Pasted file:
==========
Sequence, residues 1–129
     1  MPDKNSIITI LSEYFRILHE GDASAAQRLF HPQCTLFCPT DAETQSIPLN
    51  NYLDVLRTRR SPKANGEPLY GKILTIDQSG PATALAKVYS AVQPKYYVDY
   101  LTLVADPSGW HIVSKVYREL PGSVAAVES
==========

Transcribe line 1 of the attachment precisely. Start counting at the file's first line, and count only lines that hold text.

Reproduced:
Sequence, residues 1–129